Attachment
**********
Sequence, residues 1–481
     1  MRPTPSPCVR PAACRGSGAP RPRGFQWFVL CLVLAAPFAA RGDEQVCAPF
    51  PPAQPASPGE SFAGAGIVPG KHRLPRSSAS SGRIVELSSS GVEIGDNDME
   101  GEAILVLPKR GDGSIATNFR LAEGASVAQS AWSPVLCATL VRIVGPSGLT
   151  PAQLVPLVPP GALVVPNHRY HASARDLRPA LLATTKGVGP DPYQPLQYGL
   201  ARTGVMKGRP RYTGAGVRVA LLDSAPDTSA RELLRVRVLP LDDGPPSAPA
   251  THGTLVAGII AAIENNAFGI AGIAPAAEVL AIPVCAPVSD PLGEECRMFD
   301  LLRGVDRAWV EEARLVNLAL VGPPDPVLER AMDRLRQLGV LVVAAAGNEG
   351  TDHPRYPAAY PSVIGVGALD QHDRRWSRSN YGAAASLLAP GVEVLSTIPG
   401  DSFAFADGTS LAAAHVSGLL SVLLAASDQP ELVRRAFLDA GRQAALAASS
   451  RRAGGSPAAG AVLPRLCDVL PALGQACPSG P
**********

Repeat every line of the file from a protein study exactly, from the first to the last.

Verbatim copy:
Sequence, residues 1–481
     1  MRPTPSPCVR PAACRGSGAP RPRGFQWFVL CLVLAAPFAA RGDEQVCAPF
    51  PPAQPASPGE SFAGAGIVPG KHRLPRSSAS SGRIVELSSS GVEIGDNDME
   101  GEAILVLPKR GDGSIATNFR LAEGASVAQS AWSPVLCATL VRIVGPSGLT
   151  PAQLVPLVPP GALVVPNHRY HASARDLRPA LLATTKGVGP DPYQPLQYGL
   201  ARTGVMKGRP RYTGAGVRVA LLDSAPDTSA RELLRVRVLP LDDGPPSAPA
   251  THGTLVAGII AAIENNAFGI AGIAPAAEVL AIPVCAPVSD PLGEECRMFD
   301  LLRGVDRAWV EEARLVNLAL VGPPDPVLER AMDRLRQLGV LVVAAAGNEG
   351  TDHPRYPAAY PSVIGVGALD QHDRRWSRSN YGAAASLLAP GVEVLSTIPG
   401  DSFAFADGTS LAAAHVSGLL SVLLAASDQP ELVRRAFLDA GRQAALAASS
   451  RRAGGSPAAG AVLPRLCDVL PALGQACPSG P